There is an interesting controversy at the University of Illinois where the university has fired adjunct professor Dr. Kenneth Howell for teaching why homosexual acts violate natural moral law under the tenets of the Catholic church. Howell taught courses on the Catholic faith at the St. John’s Catholic Newman Center. He was fired after a student labeled his statements “hate speech.”
In 2000, the University of Illinois’ Department of Religion incorporated Newman courses and Howell (who taught at Newman since 1998) became an adjunct professor. One of his classes, “Introduction to Catholicism,” includes what Howell described as “an explanation of Natural Moral Law as affirmed by the Church as well as an application of Natural Law Theory to a disputed social issue.” Homosexuality was one of the obvious subjects.
Here is how Howell described the statements that led to his firing. He reportedly summed up the position of the Church in the following way:
“A homosexual orientation is not morally wrong just as no moral guilt can be assigned to any inclination that a person has. However, based on natural moral law, the Church believes that homosexual acts are contrary to human nature and therefore morally wrong.”
He says that he sent an e-mail to students to try “to show them that under utilitarianism, homosexual acts would not be considered immoral whereas under natural moral law they would. This is because natural moral law, unlike utilitarianism, judges morality on the basis of the acts themselves.”
A complaint was filed by a student who was not enrolled in his class but insisted that he was writing on behalf of a student who wanted to remain anonymous.
The student objected that “Teaching a student about the tenets of a religion is one thing. Declaring that homosexual acts violate the natural laws of man is another. The courses at this institution should be geared to contribute to the public discourse and promote independent thought; not limit one’s worldview and ostracize people of a certain sexual orientation.”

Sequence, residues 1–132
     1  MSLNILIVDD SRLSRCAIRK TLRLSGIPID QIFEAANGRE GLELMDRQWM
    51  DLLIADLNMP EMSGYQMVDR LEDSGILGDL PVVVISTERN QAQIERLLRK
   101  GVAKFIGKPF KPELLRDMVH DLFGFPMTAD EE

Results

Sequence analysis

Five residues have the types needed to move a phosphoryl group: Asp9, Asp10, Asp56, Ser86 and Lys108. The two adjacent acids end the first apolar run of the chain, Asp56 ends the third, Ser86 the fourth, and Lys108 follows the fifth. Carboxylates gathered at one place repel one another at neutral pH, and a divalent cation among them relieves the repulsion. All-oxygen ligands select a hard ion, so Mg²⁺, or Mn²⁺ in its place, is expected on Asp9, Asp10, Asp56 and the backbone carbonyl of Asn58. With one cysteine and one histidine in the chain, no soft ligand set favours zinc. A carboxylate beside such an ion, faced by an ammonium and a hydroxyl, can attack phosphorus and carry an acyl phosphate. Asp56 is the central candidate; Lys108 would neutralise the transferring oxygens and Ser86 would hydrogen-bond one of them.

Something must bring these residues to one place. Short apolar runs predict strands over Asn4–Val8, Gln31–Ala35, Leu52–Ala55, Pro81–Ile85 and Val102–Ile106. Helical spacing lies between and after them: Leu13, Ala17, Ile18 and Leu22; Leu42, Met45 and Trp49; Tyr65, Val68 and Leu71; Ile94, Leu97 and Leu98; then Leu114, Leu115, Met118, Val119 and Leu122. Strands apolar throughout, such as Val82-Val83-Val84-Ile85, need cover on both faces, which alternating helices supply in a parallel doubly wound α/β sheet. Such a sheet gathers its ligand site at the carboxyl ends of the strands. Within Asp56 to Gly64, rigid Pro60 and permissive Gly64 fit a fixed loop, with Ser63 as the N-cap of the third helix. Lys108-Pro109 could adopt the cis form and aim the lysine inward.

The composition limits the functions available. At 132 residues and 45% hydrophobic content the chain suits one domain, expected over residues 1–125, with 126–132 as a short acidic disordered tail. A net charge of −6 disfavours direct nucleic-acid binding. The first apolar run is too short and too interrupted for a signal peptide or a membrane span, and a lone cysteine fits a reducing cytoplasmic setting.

The school fired Howell who objected on first amendment and academic freedom grounds.
He was also later informed by Msgr. Gregory Ketcham, the Director of the St. John’s Catholic Newman Center, that he was no longer needed at the Center.
It is a troubling case. Illinois should shoulder the burden in showing that academic freedom was not violated in this case. Frankly, I would be a bit concerned over incorporating classes from a religious center to begin with and I believe it is problematic to enlist religious organizations to teach courses on their faith for credit. Indeed, the student’s objection would seem as much to the course as to the professor. However, Illinois decided to offer a course on Catholic values. The question is whether the professor crossed the line between teaching the tenets and proselytizing for the faith. If the statements above were truly the cause for the action against the teacher, it would appear to violate the principles of academic freedom. We simply do not have enough information in the case.
The fact is that I have seen many university courses on feminism, race politics, and other subjects where the professors teach highly controversial views (which they are known to share). It is incumbent on Illinois to distinguish Newman (and his lectures) from those other professors to establish some objective basis for the termination. They may be able to do so, but the record so far is worrisome.